What I learned from writing a novel first draft.

Over the summer break, I managed to complete my first draft of my first ever novel. Now that is saying something. For one, that has been a dream of mine for a long time and I have achieved it. Two, I have never written anything as long as this in my life. At just over 34,000 words, it is still a little shorter than I want it to be but I’m just a bit excited. I have completed the first draft of a novel! I know it’s only a first draft and the hard work has yet to really begin, but it is still a milestone in that I have actually achieved what so many people only wish to achieve and never do.

I think what really surprised me was how much I learnt about myself as well as the writing process as I worked on the first draft. So here goes on what I learnt. Maybe you’ve discovered some of these if you have written a novel.

  1. I learnt I didn’t know how to start my novel.

I had completed my Certificate IV in Professional Writing and Editing in the middle of 2018. Whilst my course touched on narratives and fiction, it didn’t really give me a clue as to how to go about starting a novel. I had listened to podcasts and spent a lot of time on Pinterest but still didn’t know how to start. After a bit of time Googling, I discovered Randy Ingerman’s book ‘How to Write a Novel Using the Snowflake Method’ which I downloaded from Amazon. I found this book incredibly useful for getting started.

2. I learnt that it was helpful to have a ‘character bible.’

A character bible is where all the bitsy (but useful) details about the characters get recorded so that when you want to describe character X’s eyes, they don’t change from brown to blue within a few pages.

It was also useful to have a detailed outline of where my story was heading before I started. I guess I’m not a pantser!

3. I learnt that I needed to cast threads forward and make links backwards.

Yep, I have read books where things come out of the blue and it is like ‘I didn’t see that coming!’ Some people would call it foreshadowing. It’s including details that help to prepare the reader for what is coming. Making links backwards, I think, is also very rewarding for the reader. It provides a sense of ‘That makes sense. Yes, I can see how and why the character would do it like this.’

4. I learnt that being a beta-reader is really helpful when you are a writer. (And it helps out a fellow writer.)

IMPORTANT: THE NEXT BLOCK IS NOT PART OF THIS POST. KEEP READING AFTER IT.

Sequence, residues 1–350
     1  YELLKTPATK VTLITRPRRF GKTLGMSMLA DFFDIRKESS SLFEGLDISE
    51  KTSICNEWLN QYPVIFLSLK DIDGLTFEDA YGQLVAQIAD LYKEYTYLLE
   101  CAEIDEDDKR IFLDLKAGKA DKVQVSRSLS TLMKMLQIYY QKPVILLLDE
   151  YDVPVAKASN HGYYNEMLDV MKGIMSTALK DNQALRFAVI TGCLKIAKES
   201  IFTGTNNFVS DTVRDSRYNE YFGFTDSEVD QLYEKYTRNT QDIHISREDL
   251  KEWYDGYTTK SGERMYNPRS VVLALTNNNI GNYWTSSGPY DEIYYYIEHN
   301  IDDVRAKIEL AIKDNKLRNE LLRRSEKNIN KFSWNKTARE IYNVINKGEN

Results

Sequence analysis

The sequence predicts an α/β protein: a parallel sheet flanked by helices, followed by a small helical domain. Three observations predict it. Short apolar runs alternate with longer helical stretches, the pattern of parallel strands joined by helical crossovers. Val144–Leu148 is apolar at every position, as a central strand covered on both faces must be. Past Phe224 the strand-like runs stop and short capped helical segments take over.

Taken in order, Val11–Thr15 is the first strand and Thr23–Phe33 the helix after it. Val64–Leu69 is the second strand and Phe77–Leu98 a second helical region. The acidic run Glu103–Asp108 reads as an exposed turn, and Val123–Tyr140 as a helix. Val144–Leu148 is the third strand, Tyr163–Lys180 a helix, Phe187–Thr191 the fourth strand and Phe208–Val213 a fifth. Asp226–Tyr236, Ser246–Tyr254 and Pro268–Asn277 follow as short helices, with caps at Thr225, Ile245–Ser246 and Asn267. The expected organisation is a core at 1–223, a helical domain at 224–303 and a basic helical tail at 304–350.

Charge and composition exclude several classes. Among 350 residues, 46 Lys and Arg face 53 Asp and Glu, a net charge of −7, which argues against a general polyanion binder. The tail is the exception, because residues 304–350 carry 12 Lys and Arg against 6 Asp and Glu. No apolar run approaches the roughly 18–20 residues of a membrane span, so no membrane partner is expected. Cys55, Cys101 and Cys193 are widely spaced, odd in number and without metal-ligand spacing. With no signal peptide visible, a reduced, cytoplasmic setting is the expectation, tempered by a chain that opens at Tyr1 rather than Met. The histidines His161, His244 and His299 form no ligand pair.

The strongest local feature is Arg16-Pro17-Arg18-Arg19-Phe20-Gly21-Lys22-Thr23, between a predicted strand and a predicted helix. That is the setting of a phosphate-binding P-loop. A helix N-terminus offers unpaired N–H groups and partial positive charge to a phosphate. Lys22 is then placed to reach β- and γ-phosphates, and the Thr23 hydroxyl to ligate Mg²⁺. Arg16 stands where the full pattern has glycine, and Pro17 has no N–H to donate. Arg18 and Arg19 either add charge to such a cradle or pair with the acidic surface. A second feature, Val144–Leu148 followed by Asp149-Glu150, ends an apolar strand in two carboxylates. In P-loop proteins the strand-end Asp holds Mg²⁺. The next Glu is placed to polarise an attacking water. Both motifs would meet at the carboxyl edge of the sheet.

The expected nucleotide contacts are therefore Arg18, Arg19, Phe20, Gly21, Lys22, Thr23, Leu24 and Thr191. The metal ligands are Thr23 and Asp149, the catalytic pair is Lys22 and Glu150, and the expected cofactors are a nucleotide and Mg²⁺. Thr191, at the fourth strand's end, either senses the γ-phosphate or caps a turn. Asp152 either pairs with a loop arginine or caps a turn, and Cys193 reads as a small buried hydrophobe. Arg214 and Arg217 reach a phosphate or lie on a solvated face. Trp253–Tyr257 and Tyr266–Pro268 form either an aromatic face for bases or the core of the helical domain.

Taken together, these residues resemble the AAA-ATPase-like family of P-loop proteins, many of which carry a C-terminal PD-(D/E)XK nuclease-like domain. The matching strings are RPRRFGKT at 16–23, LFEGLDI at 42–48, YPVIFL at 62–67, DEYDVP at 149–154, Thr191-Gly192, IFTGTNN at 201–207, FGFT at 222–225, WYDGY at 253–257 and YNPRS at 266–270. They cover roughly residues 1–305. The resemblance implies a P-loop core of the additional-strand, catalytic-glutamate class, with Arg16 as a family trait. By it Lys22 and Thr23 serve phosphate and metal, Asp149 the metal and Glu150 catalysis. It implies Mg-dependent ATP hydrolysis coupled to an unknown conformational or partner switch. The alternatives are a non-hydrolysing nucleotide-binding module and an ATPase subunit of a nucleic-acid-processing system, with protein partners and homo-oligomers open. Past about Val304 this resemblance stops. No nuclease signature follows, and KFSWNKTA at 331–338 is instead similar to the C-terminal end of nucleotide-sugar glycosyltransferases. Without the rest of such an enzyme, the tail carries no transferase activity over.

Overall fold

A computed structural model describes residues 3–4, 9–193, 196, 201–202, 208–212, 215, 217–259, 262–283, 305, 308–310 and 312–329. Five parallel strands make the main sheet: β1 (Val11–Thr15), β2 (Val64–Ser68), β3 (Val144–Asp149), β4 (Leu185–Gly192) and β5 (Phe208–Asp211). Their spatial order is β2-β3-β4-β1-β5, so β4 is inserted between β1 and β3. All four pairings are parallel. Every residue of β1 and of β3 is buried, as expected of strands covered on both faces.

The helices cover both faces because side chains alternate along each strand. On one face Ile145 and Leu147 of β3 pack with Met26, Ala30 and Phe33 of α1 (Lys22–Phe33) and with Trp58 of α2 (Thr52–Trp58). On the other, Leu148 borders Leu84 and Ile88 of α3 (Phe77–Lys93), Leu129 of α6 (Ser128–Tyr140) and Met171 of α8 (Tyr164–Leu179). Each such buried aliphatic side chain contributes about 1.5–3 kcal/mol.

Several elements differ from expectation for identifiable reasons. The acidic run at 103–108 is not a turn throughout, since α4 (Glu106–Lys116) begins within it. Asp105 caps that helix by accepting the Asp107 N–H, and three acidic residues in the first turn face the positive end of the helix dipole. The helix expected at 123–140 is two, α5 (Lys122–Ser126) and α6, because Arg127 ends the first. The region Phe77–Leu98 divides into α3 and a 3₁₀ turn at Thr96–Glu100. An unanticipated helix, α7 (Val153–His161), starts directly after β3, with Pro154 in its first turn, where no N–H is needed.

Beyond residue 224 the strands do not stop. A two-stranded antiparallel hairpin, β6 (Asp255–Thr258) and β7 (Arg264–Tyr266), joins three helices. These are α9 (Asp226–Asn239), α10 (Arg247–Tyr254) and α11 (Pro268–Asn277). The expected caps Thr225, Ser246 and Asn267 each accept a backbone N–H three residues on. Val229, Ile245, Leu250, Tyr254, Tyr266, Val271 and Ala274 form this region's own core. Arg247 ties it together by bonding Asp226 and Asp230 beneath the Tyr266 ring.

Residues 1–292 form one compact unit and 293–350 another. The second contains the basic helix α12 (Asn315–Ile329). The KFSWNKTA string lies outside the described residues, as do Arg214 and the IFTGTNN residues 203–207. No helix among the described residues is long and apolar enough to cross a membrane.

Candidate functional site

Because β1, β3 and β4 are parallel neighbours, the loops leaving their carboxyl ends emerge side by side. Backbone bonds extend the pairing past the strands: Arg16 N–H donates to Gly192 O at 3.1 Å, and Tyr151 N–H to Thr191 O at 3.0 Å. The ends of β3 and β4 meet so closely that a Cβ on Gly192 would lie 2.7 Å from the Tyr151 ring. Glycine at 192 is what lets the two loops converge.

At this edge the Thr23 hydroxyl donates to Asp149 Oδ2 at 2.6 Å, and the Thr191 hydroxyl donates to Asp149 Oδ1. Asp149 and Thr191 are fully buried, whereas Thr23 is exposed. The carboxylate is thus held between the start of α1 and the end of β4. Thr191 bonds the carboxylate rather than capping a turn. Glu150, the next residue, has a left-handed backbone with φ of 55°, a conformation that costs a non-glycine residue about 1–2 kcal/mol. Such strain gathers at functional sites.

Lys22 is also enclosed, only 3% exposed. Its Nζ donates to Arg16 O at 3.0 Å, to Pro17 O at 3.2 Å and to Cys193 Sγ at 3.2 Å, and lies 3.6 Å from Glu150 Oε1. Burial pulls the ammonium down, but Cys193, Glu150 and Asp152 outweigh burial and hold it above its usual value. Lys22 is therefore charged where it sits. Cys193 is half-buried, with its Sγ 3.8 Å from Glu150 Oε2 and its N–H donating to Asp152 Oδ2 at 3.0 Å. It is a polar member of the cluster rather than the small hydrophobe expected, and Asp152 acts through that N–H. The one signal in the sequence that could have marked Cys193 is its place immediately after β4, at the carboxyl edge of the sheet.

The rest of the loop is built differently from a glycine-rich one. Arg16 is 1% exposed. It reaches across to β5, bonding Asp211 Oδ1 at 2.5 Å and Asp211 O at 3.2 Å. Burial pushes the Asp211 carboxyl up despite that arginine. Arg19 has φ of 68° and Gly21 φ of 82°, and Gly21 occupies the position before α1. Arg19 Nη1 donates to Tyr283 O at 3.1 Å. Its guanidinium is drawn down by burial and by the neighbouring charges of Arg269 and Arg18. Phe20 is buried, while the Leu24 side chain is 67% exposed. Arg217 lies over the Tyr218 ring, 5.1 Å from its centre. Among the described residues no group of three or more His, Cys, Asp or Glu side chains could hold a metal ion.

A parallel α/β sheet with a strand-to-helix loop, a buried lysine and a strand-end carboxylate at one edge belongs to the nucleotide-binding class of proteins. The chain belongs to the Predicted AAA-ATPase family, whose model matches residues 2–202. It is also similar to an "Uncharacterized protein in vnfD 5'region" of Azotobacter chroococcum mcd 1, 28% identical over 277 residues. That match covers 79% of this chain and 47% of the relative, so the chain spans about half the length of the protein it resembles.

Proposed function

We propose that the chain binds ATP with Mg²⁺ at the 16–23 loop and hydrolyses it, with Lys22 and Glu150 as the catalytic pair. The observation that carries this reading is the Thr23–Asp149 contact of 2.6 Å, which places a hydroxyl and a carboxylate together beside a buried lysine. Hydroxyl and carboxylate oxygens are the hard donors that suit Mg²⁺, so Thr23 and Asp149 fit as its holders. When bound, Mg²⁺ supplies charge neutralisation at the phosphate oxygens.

I had the honour of being a beta-reader to someone else over the January holidays. The manuscript was for middle-grade readers, so similar in some ways to the audience that I am currently writing for. I found the advice I was giving the other writer, I was filing away in my brain for when I was working on my draft. I would thoroughly recommend being a beta-reader if you are a writer. I learnt a lot.

5. I learnt that I had to work through a lot of fear.

I discovered t here is a constant fear when writing. Sometimes I manage to overcome it and some days it gets the better of me and I struggle to write anything. The fear comes from ‘What if I am not good enough?’ ‘What if no one wants to publish my book?’ Or even funnier, ‘What if they do want to publish my book?’ Sometimes you just have to get over yourself and just write. You can’t edit what isn’t on the page. You also can’t submit a story for publishing that isn’t written down. So just sit down and write.

6. I learnt that there is still so much to learn.

I enjoy learning. I think I would be bored if I knew everything about writing (or teaching or being a parent) at this point in my life. I look forward to finding out what else I can to make my writing better.

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Happy New Year!

It’s been a while…. can I still say Happy New Year in February?

Two weeks ago I was watching ‘How to Train Your Dragon 3’ with my kids at the movies to celebrate the end of the holidays. And the next day, which was a public holiday, I finished my first draft of my first ever novel and spent the afternoon like this:

It was such a lovely way to spend the last day of holidays and for the record, I actually got wet – which was a first for this summer!

School started back on the Tuesday, and I have felt like I haven’t stopped running since. I am still at the same school, but at a different campus which has a very different cohort of students.

So the year has started, and I plan to become more regular around here again. I hope the start of the year has been kind to you too.

Happy 1st of December!

In Australia, we start summer today.  The cicadas are screeching almost non-stop with the onset of warmer weather Melbourne. In true Melbourne fashion though, tomorrow is supposed to be cold again. I have only 11 more teaching days (15 more work days) until holidays and it is one month until 2019. I am feeling pretty excited (despite the end of year exhaustion).

I don’t do New Year’s resolutions because if I struggle to follow through with them, I can feel like I have failed. But I do celebrations of achievements and I do goals. So rather than wait until the end of December, where I am sure I will forget amongst the events of Christmas and New Year, I will acknowledge my 2018 achievements now.

This year I have – 

  • Finished my Certificate IV in Professional Writing and Editing.
  • Had an opinion piece published in Education Review.